The number of new homes under construction was up in the first quarter compared to a year ago, the third straight quarter that new home builders have increased the number of homes they are building, the result of strong sales orders, Metrostudy said Wednesday.
"The increasing sales should lead to larger increases in starts over the next two quarters as backlogs are beginning to build for homebuilders," said David Brown, director of Metrostudy’s Dallas-Fort Worth office. Metrostudy tracks home-building activity in North Texas.
"The first three months of the year are reinforcing our forecast that 2012 will be the first year of recovery in the Dallas-Fort Worth housing market," he said.
Tarrant, Denton and Collin counties accounted for most of the increase in starts, Metrostudy said.
New home closings are also increasing from the second half of 2011, Brown said, and that is expected to continue as well.
Between January and March, 3,192 homes were started, compared to 2,975 homes in the first quarter of 2011. On an annual basis, which takes in the past four quarters, home starts in Dallas-Fort Worth totaled 14,277, down slightly from 14,524 annual starts totaled in the first quarter of 2011, figures show.
In the last three years, quarterly and annual home starts peaked in the second quarter of 2010, during the time the first-time homebuyers were offered a tax incentive.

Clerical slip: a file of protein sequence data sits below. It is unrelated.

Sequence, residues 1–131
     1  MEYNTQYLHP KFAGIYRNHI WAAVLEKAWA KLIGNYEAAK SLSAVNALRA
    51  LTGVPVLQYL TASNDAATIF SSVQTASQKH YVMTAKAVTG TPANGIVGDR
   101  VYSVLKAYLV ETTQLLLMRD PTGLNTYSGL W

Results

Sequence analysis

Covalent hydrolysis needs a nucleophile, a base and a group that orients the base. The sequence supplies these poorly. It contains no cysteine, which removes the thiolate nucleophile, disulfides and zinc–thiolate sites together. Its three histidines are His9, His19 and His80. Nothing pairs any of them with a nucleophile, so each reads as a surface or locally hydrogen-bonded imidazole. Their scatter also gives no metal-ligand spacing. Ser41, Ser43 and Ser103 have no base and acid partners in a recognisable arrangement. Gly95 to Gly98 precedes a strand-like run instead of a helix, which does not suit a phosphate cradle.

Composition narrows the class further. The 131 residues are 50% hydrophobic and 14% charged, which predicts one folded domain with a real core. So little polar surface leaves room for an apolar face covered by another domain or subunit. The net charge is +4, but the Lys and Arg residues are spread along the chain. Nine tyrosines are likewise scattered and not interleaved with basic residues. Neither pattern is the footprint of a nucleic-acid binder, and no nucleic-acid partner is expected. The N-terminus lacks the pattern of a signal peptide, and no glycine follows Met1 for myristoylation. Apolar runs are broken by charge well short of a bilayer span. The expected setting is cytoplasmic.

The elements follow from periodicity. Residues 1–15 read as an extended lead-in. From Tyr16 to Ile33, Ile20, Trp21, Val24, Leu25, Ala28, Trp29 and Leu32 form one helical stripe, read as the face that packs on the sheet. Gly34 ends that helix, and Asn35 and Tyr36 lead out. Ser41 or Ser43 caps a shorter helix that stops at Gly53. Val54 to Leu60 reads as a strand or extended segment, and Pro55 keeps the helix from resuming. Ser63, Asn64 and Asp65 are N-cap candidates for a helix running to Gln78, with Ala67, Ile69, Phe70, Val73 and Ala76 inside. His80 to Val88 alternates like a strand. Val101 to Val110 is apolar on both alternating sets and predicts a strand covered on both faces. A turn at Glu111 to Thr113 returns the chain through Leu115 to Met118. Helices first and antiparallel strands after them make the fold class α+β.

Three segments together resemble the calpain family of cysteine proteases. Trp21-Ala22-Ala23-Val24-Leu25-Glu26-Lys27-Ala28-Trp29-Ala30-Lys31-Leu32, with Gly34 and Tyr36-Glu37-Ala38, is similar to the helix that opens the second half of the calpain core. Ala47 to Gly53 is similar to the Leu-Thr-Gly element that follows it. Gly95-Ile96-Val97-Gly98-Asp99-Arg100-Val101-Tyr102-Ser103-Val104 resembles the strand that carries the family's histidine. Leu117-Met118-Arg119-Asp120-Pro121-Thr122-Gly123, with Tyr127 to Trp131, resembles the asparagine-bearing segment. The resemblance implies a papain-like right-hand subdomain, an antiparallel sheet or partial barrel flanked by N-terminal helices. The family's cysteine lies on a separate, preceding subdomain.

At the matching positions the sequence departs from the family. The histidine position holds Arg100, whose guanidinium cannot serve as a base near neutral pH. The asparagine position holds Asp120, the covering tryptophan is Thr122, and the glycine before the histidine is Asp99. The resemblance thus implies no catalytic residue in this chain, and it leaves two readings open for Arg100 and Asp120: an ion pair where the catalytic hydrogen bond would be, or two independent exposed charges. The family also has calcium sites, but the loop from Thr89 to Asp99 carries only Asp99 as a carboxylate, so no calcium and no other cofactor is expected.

Also in the first quarter, builders closed the sale of 3,327 homes, up from 3,179 closings in the first quarter of 2011.
Inventory declined significantly in the first quarter, to 7,370 homes built from 7,671 homes a year ago, and is now at its lowest point since 1993, Brown said.
Lot inventory also dropped, to 57,645 lots, or a 48-month supply, from 65,724 lots, a 54-month supply, a year ago.
With the improving new home market, prices could go up this year, particularly in stronger submarkets, Brown said.
"As lot supplies continue to shrink in the high demand submarkets, the cost of replacement lots is increasing," he said. "These higher costs will have to be passed on to the consumer resulting in increased new home prices during the second half of the year."
_ Sandra Baker